- Fulke Greville's Friendly Patronage
Practical exigencies and theoretical prescriptions suggest that patronage and Renaissance friendship are mutually exclusive. Patronage relies upon power difference: it is after all difference in status, however defined, that enables one person to help another as patron. Richard Saller includes "asymmetry, as opposed to friendship between equals" as a defining characteristic of patronage relationships, 1 and socio-anthropological theories of patronage demonstrate that it is essential that the exchange of patronage (the benefaction of the patron, for instance, reciprocated by the gratitude of the client) maintain this imbalance: the client must not reciprocate to a degree equivalent to the initial benefaction.2 This may be contrasted to gift-giving between friends, in which one would seek to exchange gifts of equal or greater value. Correspondingly, Renaissance writers, heavily influenced by classical predecessors, define friendship in terms of parity, equality, similarity, and balance.3 It is not just that the friend is, in the familiar idiom, another self. Differences in status or temperament are a definitive impediment to friendship: Montaigne insists that differences in power negate the possibility of friendship, so that men and women, and parents and children, cannot be friends. As Cicero's De Amicitia puts it (in Harington's translation), "unlykenesse of condycyons [End Page 417] doeth breake of all frendshyp."4 When one adds friendship to initial resemblance, the result is indistinguishability: to quote Montaigne again, friends "entermixe and confound themselves one in the other, with so universall a commixture, that they … can no more find the seame that hath conjoyned them together."5 The power differences that patronage relies upon, therefore, would seem to preclude the possibility of friendship.
This is the theory, at least, as stated by Renaissance writers and as endorsed by more recent scholars who are similarly distrustful of the possibility of friendship between unequals. We are well served, however, to look not just at what theorists of either period have to say about patronage and friendship, but also at how people in the period conducted their patronage relationships and their friendships. When we consider literary patronage, we are likely to find that the clear distinctions between patronage and friendship in theory do not always apply in practice. This is particularly so when the relationship between author and patron is not limited exclusively to the patronage relationship, such as when the patron is also a writer. For instance, in his analysis of Spenser's dedicatory sonnet to Sir Walter Ralegh in the Faerie Queene, William A. Oram argues that Spenser saw Ralegh neither "simply as a patron … [nor] simply as a fellow poet engaged on a common literary enterprise."6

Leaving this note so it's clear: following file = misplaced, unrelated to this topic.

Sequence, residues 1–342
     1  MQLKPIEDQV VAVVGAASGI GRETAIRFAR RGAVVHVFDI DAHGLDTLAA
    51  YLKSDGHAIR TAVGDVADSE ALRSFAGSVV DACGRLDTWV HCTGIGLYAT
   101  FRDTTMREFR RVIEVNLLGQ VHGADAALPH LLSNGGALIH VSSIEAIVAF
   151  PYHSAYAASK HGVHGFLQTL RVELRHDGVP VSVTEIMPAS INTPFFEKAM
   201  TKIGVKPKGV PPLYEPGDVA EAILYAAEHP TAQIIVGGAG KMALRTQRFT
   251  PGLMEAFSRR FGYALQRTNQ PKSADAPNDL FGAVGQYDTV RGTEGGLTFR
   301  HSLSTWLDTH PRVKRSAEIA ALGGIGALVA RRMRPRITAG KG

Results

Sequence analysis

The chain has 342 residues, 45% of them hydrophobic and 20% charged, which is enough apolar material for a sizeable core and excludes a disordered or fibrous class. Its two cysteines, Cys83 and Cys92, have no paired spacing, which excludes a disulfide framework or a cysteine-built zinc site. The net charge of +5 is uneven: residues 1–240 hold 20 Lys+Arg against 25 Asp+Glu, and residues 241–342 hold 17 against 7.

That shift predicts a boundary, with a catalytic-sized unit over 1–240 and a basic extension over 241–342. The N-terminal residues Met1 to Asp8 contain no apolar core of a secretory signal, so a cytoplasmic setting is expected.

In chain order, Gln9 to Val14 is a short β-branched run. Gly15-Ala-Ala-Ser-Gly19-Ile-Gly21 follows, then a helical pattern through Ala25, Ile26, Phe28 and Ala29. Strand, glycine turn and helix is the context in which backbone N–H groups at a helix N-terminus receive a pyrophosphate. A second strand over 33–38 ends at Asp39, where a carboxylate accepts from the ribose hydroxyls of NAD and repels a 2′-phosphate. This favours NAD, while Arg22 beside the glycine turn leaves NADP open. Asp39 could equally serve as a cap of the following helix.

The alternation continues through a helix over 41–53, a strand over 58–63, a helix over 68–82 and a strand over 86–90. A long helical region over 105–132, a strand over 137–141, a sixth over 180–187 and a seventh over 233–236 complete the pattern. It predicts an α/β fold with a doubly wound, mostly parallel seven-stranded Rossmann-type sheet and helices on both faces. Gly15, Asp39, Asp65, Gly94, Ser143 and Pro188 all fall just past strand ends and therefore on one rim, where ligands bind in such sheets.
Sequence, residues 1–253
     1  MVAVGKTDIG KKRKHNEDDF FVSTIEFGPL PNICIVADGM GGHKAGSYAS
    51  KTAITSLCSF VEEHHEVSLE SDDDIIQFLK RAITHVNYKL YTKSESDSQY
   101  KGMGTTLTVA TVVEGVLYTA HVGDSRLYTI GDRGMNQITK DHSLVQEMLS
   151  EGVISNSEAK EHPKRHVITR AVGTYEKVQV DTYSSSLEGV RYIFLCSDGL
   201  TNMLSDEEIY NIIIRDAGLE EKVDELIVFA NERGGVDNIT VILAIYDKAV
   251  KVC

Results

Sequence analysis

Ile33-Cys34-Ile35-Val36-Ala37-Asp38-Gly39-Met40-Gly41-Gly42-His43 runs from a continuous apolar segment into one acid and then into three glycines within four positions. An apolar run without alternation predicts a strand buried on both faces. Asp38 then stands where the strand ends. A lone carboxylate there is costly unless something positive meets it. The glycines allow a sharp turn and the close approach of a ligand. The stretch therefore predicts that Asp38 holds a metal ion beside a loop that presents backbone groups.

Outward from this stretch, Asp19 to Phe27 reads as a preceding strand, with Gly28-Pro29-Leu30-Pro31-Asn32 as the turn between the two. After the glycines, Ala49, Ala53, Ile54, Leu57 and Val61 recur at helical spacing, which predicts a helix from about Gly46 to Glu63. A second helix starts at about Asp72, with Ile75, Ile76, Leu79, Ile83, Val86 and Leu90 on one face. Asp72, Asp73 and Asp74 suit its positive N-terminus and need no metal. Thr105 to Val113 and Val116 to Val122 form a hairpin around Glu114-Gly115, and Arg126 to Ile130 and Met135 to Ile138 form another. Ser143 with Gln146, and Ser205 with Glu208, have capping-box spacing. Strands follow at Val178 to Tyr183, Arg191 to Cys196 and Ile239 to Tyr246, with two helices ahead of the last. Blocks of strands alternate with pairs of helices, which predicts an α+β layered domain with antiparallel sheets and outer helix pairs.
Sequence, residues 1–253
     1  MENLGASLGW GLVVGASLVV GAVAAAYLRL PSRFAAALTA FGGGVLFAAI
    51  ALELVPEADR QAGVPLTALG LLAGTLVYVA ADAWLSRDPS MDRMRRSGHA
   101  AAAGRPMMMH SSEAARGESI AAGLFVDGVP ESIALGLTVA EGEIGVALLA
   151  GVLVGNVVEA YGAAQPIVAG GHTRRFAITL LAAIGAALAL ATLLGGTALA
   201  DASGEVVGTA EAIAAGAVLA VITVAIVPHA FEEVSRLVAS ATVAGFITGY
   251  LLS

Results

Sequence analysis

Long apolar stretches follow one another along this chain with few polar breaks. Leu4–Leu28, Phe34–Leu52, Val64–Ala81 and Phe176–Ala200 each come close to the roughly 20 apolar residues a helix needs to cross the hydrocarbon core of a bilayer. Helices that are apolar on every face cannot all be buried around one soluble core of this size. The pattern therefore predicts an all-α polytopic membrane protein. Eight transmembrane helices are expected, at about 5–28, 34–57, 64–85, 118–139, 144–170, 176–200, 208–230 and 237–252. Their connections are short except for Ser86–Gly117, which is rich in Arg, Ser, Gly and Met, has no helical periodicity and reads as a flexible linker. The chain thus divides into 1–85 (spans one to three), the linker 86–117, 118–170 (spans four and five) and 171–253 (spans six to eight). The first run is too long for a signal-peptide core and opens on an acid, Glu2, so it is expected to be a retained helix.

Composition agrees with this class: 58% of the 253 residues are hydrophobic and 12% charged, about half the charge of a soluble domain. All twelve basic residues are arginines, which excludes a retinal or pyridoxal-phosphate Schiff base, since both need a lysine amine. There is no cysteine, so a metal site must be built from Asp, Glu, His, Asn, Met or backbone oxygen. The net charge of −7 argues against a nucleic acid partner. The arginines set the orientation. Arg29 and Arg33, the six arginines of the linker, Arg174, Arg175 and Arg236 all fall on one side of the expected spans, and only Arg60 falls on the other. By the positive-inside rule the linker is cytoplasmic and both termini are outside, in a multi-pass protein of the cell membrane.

In this essay, I consider another pair of fellow poets who are also patron and client: Fulke Greville and Samuel Daniel. The patronage relationship between the two is conventional, with Greville, as influential courtier, aiding Daniel both in his livelihood and his career, but it is complicated by the fact that they are literary peers—and intellectual disputants. In this way, their relationship reflects another aspect of friendship theory. In a multitude of writings derived from Plutarch's "How to Tell a Friend from a Flatterer," the frank expression of disagreement is identified as the distinguishing mark of true friendship.7 In "The [End Page 418] Incommodity of Greatness," for instance, Montaigne addresses the propensity of subjects to let kings win athletic competitions or arguments, a situation he finds both necessary and disrespectful. But whereas the subject (or, perhaps, client) finds it necessary to let the king (or patron) win the argument, the friend demonstrates his amity by disagreeing: in Montaigne's words, "admonitions and corrections . . . are the chiefest offices of friendship."8 Taking into account the writings of both Greville and Daniel, especially Daniel's dedications to Greville, I argue that this patronage relationship is broad enough to accommodate some attitudes commonly ascribed to friendship and unexpected in patronage, including disagreement. My object in making this argument is not to return to the view that the patronage system simply consisted of "an idyllic prospect of harmony and accord" (a position that has been ascribed to "old historicist" studies of patronage).9 Nor, however, would...